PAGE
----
By TODD RICHMOND
MADISON, Wis. (AP) — Wisconsin law requires judges to sentence chronic drunken drivers to at least three years behind bars, the state Supreme Court ruled Tuesday.
The case began in 2010 when a Monroe County deputy pulled over Clayton Williams of Warrens. Williams’ blood alcohol content was 0.248 percent, more than three times the state’s 0.08 percent limit for driving.
Williams pleaded guilty in 2011 to a seventh offense of operating while intoxicated and asked for probation. Judge J. David Rice said the sentencing statutes for seventh-, eighth- and ninth-offense are murky. The statutes say the confinement portion of any bifurcated sentence — a sentence that includes both prison and extended supervision — for those repeat offenses must include at least three years in prison. But they don’t expressly state that a judge must impose such a sentence.
Rice told Williams he believed the statutes required him to sentence him to at least three years in prison. The judge gave him that time as well as three years on extended supervision.
Williams turned to the 4th District Court of Appeals, arguing Rice made a mistake. The appellate court sided with Williams, ruling the statutes clearly don’t require a judge to impose three years in prison and Williams should be re-sentenced.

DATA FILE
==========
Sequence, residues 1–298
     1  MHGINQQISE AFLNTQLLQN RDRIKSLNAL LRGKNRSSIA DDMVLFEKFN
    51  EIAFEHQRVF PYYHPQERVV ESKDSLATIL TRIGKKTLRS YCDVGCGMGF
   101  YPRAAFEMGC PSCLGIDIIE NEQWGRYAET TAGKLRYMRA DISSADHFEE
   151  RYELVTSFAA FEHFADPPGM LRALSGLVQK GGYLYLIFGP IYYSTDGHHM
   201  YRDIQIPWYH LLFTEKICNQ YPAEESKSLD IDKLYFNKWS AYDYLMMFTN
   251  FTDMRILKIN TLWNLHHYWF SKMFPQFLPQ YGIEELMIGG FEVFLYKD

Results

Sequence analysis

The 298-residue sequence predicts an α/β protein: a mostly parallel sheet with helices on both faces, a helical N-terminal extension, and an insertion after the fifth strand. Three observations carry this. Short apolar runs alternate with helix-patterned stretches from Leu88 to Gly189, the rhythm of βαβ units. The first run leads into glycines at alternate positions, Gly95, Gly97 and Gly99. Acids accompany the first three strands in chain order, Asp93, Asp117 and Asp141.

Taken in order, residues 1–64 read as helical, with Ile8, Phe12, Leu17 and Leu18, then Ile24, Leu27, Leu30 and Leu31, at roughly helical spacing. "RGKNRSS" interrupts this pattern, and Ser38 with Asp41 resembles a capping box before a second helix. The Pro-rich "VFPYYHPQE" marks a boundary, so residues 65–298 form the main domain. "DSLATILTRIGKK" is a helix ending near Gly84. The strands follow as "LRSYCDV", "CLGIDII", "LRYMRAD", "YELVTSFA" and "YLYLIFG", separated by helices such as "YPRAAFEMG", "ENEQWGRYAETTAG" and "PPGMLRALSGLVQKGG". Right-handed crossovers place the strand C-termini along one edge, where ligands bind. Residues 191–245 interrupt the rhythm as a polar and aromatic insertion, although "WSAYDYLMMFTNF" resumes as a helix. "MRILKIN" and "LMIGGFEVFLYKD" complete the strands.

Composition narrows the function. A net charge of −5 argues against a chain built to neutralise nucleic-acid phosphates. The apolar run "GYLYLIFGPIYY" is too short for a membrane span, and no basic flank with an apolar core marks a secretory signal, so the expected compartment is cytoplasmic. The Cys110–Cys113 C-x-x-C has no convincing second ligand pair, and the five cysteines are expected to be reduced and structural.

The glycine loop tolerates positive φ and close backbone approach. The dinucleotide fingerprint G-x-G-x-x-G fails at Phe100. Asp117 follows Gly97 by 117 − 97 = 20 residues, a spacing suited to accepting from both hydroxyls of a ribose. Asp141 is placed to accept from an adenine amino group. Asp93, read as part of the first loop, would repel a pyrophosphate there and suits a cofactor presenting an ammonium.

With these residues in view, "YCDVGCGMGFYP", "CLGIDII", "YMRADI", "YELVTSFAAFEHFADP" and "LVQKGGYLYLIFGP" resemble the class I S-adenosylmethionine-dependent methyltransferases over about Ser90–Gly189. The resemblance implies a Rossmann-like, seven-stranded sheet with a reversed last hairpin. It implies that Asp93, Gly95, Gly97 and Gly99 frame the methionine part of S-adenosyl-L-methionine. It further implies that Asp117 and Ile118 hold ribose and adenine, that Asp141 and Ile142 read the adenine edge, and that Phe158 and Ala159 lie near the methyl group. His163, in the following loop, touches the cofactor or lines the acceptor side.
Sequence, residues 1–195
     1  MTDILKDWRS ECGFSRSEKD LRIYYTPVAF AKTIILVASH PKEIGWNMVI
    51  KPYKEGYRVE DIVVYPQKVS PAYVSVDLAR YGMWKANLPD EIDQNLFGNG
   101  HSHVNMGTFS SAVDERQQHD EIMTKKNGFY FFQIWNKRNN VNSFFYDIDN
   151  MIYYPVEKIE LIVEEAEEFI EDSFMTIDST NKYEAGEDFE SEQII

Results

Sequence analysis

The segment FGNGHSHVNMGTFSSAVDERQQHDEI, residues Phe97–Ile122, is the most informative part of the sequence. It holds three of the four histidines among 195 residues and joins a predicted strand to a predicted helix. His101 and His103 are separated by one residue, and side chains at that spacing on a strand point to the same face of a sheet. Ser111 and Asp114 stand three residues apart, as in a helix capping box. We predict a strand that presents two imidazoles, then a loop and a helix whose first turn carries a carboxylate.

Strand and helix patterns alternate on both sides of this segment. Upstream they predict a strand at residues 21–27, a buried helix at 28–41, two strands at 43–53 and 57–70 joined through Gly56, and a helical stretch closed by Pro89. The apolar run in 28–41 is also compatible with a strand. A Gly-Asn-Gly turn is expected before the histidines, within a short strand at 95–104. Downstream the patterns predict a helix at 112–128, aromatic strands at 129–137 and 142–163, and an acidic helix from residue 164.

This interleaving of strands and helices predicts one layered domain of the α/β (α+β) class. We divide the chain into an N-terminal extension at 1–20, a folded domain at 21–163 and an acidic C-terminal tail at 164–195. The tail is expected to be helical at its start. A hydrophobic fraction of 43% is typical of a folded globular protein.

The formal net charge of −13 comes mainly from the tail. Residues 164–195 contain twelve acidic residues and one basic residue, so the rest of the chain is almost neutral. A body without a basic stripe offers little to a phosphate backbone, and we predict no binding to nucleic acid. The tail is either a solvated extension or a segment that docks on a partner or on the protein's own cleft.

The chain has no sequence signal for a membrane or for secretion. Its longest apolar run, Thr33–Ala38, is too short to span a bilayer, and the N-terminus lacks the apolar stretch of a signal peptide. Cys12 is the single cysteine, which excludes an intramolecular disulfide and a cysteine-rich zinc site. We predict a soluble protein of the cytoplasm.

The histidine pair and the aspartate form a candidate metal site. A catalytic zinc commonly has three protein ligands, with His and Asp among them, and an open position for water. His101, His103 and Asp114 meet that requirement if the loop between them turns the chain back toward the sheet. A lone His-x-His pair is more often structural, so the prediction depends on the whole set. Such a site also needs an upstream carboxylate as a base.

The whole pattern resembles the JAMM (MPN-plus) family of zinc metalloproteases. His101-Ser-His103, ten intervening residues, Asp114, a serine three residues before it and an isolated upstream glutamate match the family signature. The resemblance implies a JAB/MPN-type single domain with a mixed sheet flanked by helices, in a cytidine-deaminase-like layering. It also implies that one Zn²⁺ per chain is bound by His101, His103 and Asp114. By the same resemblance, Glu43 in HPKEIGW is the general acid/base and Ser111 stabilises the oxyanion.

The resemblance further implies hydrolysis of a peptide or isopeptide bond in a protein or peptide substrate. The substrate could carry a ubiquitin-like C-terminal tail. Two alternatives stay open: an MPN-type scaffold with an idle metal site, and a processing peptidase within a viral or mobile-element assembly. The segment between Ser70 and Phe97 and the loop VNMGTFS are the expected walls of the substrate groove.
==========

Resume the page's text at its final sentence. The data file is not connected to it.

The Supreme Court reversed the appellate ruling in a 7-0 decision Tuesday, saying Williams isn’t entitled to re-sentencing. Justice David Prosser wrote that the statutes are ambiguous but the history of their development shows they’re meant to ensure seven-, eight- and nine-time offenders spend at least three years in prison.
Prosser wrote that a Legislative Reference Bureau analysis of the 2009 bill that created the bifurcated sentence language for seventh-, eighth- and ninth-offenses stated the measure requires any of those offenders to serve at least three years in prison and a 10-time offender and beyond to serve four years. And a report from the Joint Review Committee on Criminal Penalties also supports an interpretation that judges must impose a bifurcated sentence with at least three years in prison, he said.
The mandatory three years also fits with Wisconsin’s system of gradually more severe punishment for chronic offenders, he added.
Williams’ attorney, public defender Steven Grunder, didn’t immediately return a message. A spokeswoman for the state Department of Justice, which brought the case to the high court, said in an email to The Associated Press that agency attorneys were pleased the court provided needed guidance for judges and lawyers.